this one. This list is labelled
Selecting one or more vertices in this list causes the corresponding vertices to be selected in the vertex list. This in turn will add small red markers in the terrain view.
Below the perimeter definition there is a list of block attributes. These attributes define the actual geometry and appearance of the city block.
This is a list of all vertices used to construct the terrain.
Selecting one or more vertices in this list will add a small red marker in the terrain view indication the location of these vertices.
This is a list of all textures that can be assigned to city blocks. Selecting one or more textures will make them show up in the texture view.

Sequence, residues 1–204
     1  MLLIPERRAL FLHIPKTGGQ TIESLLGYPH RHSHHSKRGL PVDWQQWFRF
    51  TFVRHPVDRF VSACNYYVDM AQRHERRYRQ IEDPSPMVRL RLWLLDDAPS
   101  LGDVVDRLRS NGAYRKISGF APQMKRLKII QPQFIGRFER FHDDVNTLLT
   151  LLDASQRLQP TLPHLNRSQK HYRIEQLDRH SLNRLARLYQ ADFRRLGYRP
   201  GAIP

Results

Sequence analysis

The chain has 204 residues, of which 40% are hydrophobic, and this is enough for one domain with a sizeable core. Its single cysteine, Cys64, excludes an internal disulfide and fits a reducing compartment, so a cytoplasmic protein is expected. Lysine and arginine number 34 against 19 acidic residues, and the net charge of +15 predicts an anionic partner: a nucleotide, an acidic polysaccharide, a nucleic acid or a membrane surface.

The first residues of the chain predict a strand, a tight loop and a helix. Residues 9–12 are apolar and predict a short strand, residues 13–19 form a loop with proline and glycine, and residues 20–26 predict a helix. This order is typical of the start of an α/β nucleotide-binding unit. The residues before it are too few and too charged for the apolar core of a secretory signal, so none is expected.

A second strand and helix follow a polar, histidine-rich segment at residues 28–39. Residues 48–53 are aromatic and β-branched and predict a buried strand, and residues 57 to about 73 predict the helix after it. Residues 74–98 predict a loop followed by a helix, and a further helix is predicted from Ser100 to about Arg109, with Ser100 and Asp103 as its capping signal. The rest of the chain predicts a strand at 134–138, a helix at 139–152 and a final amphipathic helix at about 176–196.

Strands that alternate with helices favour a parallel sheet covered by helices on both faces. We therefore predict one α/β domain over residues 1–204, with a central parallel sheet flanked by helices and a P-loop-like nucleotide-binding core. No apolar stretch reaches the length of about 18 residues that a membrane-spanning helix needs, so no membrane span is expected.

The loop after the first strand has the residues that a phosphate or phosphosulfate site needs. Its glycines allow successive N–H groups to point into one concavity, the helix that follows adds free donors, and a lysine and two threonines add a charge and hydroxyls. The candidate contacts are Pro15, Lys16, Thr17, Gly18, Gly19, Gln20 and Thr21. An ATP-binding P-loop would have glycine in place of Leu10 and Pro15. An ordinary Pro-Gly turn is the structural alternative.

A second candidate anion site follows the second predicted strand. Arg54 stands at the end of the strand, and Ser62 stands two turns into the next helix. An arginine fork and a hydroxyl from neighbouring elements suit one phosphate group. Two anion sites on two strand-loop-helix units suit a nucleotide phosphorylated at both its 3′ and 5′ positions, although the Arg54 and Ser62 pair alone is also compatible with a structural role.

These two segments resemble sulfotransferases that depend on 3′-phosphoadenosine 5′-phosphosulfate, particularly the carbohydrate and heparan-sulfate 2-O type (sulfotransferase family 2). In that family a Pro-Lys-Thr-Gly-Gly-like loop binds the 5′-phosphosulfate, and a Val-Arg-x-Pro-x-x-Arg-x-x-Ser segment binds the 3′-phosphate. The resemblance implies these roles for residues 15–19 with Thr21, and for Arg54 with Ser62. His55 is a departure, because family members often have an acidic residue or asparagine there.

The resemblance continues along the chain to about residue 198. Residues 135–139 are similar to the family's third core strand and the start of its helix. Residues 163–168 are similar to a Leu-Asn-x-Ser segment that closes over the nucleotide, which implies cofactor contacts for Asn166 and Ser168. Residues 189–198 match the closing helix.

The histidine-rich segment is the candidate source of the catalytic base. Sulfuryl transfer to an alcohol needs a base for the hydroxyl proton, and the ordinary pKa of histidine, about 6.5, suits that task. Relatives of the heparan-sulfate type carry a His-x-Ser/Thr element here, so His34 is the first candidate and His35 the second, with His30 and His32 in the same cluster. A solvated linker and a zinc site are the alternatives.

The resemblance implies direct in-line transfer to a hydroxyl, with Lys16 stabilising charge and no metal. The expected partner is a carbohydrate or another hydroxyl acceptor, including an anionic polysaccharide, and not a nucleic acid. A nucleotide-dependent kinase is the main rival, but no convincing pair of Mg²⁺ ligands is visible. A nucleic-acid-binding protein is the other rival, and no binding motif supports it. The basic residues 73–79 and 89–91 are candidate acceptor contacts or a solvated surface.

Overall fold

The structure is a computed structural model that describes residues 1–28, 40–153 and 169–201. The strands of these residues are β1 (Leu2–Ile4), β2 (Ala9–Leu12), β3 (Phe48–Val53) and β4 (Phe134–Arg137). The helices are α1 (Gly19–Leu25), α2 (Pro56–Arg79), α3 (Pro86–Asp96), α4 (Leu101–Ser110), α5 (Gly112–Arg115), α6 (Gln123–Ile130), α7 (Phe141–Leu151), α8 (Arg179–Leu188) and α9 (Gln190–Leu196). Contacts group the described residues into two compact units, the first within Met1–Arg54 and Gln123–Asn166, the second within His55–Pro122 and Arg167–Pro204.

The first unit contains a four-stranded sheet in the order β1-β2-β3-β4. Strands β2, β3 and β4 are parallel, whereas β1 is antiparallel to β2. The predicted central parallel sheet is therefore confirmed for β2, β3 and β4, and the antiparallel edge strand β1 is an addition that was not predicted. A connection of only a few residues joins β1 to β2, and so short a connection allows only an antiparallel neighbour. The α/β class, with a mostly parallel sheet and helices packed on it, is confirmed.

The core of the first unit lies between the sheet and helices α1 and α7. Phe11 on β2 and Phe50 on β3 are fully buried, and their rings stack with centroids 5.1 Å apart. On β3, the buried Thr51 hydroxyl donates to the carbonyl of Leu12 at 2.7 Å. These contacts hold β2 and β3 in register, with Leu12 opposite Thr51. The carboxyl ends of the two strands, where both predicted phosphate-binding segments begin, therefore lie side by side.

Displays textures side by side. The textures are displayed at their true size, no scaling is performed. Instead the view is scrollable if the textures don't fit the window. Some textures contain multiple scales of the same image. All of these scales are shown on top of each other.
The terrain view displays a 3D view of all city blocks. Currently this is restricted to simply displaying the perimeter of the blocks. The camera can be operated using the buttons next to the 3D view. The function of these buttons as well as their graphic imagery is the same as the view control window in Realsoft 3D - my favourite 3D modelling software.
From top to bottom, the functions are: